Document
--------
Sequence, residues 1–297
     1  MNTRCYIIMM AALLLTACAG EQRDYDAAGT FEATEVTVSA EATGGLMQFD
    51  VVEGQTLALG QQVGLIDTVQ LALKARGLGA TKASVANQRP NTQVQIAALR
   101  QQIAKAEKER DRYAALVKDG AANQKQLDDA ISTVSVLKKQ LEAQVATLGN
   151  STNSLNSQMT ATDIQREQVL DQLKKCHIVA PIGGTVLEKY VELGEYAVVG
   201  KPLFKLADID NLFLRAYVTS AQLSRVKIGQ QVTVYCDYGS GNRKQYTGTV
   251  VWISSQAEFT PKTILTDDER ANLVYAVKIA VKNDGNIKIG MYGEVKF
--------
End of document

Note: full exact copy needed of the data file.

Sequence, residues 1–297
     1  MNTRCYIIMM AALLLTACAG EQRDYDAAGT FEATEVTVSA EATGGLMQFD
    51  VVEGQTLALG QQVGLIDTVQ LALKARGLGA TKASVANQRP NTQVQIAALR
   101  QQIAKAEKER DRYAALVKDG AANQKQLDDA ISTVSVLKKQ LEAQVATLGN
   151  STNSLNSQMT ATDIQREQVL DQLKKCHIVA PIGGTVLEKY VELGEYAVVG
   201  KPLFKLADID NLFLRAYVTS AQLSRVKIGQ QVTVYCDYGS GNRKQYTGTV
   251  VWISSQAEFT PKTILTDDER ANLVYAVKIA VKNDGNIKIG MYGEVKF